Modi, who works hard to cultivate India’s image as an emerging global power, did not like that India ranked so low on the press freedom index. He set up a group of experts to identify ways to improve India’s position. He even sent India’s ambassador to France to put pressure on Reporters Without Borders to improve the ranking. After a year and a few meetings, the panel of experts concluded that the real problem was not the state of press freedom in India, but “Western bias”.

At least one member of the panel, prominent journalist P Sainath, disagreed with this assessment and said so in a dissenting note.

So if Modi wants to change the image of India, what should he do?

Certainly not to send diplomats after foreign newspapers for blaming the current Covid situation in India straight to Modi’s doorstep.

Instead of engaging in a “three-pronged communications strategy to actively change the country’s public image”, as the panel recommended, Sainath suggested the government start by acknowledging the grave freedom crisis. of expression in the country, and the “state of emergency” facing journalists.

Better yet, Sainath proposed, the government can support journalists by dropping lawsuits against them across the country. According to the Asia-Pacific director of Reporters Without Borders, Daniel Bastard, this could even lead to a better ranking in the press freedom index.

“Over the past few years, the number of [cases] filed against journalists by members of the BJP or the BJP-led regional and local government has increased sharply, amounting to intimidation and harassment,” Bastard said. “Reversing this trend would help improve India’s score in the index.”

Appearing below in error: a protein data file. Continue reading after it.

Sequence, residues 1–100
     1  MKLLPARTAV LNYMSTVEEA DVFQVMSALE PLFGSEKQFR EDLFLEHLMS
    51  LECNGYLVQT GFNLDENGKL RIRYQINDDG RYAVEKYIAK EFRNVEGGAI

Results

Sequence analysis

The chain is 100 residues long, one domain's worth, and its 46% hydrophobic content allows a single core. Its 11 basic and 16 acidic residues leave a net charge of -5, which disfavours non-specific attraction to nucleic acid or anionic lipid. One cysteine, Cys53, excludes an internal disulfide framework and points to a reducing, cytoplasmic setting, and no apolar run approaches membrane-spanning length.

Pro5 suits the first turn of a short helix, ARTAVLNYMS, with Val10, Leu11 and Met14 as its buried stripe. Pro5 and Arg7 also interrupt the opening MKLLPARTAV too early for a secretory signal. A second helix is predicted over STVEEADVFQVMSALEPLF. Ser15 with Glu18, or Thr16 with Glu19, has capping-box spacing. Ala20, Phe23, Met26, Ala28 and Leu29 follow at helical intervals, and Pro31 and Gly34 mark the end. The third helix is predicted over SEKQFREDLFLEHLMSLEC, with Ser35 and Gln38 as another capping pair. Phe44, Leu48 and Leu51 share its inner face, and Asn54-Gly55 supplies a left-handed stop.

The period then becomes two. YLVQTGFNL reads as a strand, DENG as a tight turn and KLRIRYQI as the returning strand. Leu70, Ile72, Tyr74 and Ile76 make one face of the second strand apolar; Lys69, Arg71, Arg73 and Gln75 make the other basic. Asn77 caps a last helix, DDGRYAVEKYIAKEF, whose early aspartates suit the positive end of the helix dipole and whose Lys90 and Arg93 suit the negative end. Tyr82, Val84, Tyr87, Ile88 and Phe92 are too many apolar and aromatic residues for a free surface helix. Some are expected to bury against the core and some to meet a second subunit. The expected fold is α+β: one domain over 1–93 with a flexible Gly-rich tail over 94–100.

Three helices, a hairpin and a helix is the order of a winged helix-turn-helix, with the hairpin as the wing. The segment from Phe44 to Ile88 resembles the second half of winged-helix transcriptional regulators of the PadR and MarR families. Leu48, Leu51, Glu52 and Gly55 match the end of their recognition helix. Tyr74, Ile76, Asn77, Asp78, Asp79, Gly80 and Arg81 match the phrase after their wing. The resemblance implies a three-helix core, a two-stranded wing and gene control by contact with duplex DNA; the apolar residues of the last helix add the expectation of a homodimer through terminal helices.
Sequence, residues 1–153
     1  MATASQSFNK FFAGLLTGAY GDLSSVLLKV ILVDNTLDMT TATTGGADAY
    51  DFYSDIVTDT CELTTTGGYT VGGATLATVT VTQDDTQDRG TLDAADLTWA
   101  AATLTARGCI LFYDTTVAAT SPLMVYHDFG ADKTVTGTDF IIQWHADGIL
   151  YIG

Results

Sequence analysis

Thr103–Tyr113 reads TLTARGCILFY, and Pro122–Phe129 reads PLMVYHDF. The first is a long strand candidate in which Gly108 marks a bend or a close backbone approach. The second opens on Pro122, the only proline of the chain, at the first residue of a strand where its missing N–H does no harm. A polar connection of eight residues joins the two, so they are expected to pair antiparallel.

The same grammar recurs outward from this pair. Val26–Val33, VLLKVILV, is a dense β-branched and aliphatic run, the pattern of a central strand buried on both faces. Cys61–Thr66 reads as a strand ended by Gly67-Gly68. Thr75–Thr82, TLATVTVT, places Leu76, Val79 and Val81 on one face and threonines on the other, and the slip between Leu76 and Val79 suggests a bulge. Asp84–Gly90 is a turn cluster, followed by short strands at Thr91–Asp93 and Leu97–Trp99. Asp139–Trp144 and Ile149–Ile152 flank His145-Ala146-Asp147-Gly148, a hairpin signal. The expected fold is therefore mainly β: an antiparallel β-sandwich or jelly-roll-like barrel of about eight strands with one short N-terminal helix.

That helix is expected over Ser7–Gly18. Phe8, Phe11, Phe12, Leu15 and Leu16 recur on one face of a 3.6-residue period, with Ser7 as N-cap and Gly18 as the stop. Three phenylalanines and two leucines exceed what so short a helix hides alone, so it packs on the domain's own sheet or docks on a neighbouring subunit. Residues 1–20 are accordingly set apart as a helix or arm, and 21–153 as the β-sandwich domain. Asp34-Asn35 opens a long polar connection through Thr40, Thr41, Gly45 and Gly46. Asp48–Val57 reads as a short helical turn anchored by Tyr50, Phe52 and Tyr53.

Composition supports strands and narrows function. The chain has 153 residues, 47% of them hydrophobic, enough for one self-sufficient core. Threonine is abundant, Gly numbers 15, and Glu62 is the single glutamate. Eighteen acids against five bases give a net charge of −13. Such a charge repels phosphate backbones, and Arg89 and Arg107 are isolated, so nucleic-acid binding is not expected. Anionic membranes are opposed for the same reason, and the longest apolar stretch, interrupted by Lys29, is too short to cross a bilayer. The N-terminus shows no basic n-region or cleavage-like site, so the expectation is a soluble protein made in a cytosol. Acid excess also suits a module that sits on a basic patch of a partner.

And if Modi is serious about improving press freedom in India, he can create laws that hold police accountable for filing false charges against journalists for doing their jobs. In fact, Sainath has a whole list of recommendations to the government to help journalists do their job without fear of reprisal. But that’s all Modi and his administration need to consider. What can the rest of the world do?

A good starting point would be to support pockets of independent media in India. The mainstream media may not be willing or able to do their job, but a few small but independent newsrooms in India are doing their best to speak truth to power and keep citizens informed as the virus continues its march. Across the country. Journalists from relatively new digital startups like The Wire, The Print, Scroll.in, The News Minute, Article 14 and Alt News are at the forefront of resistance against India’s slide into authoritarianism under Modi.

It’s not just the media that are in danger in India. The very foundations of democracy are in jeopardy, according to political scientists at the V-Dem Institute in Sweden. “India is on the verge of losing its status as a democracy due to the severe shrinking of space for media, civil society and the opposition under Prime Minister Modi’s government,” the group’s latest report warned. on the state of democracies in the world.

In India, the ability of the media to seek out the truth and speak it without fear is a matter of life and death. A government that allows massive political rallies attended by hundreds of thousands and encourages a religious holiday attended by a million people in the midst of a global pandemic must answer for preventable deaths. With the second wave, nearly 3,000 Indians are dying every day, some outside hospitals, some at home and some on the streets. Let a free press shed some light on this.

Lisa Joseph is editor of The GroundTruth Project, which hosts Report for America and Report for the World, in partnership with Scroll.in. He has worked as a reporter and editor at major Indian newsrooms, including The Times of India, The Economic Times and Mint, and served as editor of the Dallas Morning News and the Philadelphia Inquirer.

Photo of temperature checks in India in May 2020 by Gwydion M. Williams used under a Creative Commons license.